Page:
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The Legend of the Gackle

as told to Helen Chappell

According to "Captain Wimpy's Bird Book and Field Guide to North American Wildlife", the gackle (gacklia withane underwoodia) is a velvety purple bird that lives on chocolate and tea.

Captain Wimpy and Roger Tory Peterson had a big falling out over the gackle, and as a consequence, the late Dr. Peterson refused to list this bird in his famous guidebook. Following his example, the Audubon Society marched out of the Gackle Conference of 1966 en masse in what was later known in ornithological circles as The Gackle Debacle. Toward the end of his career, Dr. Peterson had a change of heart and admitted that the gackle, a lovely songbird, and the grackle, a noisy, quarrelsome pest, were two separate species. But it was already too late for Captain Wimpy, who had disappeared into Tibet while on expedition to locate the cawing Kevvie bird.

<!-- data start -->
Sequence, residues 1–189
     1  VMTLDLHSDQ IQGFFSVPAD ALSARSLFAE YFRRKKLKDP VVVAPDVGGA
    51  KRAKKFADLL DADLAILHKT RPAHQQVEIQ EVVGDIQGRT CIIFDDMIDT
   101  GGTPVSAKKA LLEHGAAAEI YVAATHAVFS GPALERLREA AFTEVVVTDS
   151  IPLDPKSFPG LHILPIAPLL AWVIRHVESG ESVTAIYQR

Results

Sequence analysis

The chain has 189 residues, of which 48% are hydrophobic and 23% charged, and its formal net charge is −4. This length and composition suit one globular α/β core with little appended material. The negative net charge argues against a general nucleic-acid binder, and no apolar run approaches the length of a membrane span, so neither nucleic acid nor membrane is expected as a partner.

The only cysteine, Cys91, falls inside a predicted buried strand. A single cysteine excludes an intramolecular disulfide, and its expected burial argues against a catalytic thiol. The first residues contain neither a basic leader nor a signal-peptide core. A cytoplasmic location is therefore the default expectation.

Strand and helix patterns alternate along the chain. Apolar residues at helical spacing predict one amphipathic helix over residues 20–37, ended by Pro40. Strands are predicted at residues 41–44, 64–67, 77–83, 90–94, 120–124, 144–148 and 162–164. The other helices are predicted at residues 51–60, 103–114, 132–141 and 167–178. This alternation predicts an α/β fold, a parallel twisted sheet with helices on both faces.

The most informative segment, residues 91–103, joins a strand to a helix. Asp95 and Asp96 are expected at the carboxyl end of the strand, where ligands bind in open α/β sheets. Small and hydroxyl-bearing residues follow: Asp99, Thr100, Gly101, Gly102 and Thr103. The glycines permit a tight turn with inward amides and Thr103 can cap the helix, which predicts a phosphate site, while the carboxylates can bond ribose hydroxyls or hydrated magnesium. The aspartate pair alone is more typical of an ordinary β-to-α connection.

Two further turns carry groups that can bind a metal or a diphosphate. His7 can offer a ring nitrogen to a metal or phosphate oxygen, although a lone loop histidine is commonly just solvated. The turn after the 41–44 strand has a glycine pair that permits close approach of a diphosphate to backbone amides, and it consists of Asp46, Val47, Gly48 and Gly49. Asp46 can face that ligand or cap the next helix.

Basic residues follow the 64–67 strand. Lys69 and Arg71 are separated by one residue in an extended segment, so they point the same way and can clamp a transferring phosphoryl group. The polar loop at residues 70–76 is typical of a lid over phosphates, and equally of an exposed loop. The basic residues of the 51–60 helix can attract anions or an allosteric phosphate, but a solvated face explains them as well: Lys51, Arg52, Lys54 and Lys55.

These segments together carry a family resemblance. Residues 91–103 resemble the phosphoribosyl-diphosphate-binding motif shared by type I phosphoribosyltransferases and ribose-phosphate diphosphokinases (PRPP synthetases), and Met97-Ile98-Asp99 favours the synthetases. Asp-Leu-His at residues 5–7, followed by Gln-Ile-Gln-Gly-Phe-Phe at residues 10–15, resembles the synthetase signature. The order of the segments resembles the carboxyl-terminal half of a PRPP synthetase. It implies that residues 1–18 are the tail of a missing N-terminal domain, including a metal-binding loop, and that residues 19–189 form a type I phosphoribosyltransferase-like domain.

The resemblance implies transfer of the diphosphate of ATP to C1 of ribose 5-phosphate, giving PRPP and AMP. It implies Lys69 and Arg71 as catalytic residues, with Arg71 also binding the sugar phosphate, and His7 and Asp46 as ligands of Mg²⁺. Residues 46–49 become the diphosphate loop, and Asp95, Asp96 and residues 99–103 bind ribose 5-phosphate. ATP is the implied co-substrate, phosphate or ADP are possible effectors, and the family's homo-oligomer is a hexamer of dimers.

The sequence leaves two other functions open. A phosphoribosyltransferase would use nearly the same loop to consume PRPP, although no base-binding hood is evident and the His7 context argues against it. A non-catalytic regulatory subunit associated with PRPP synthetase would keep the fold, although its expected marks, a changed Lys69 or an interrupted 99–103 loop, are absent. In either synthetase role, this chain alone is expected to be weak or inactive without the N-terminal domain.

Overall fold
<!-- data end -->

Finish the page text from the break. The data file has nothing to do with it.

Some people have mistaken the grackle for the gackle and added it to their life lists under the wrong name.

 Since the gackle is extremely elusive, preferring to live in deep, isolated woodland areas, high in the canopies of ancient trees, very few people have seen its lush purple coloring or heard its melodious song, a long soprano trilling. 

 According to folklore, however, a person who hears the sweet, liquid notes of this lovely bird will be blessed with a magically replenished TBR pile that never runs out, infinite amounts of chocolate, soft places to fall down on, and if a writer, advances and royalties beyond the wildest dreams.  

Gackles have been known to nest at Horseshoe, NC and other interesting places. The gackle nest is lined with soft purple down, and its eggs are a pale lavender speckled with golden flecks.

If one finds a gackle feather, it is a sign that all of one's wishes will come true.

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Page design by Maria Y. Lima

Gilda Gackle 1999 Tearoom Press 1999

Gilda Gackle drawings by Anne Underwood Grant

Gilda Paper Doll and Costumes by Kathleen Taylor

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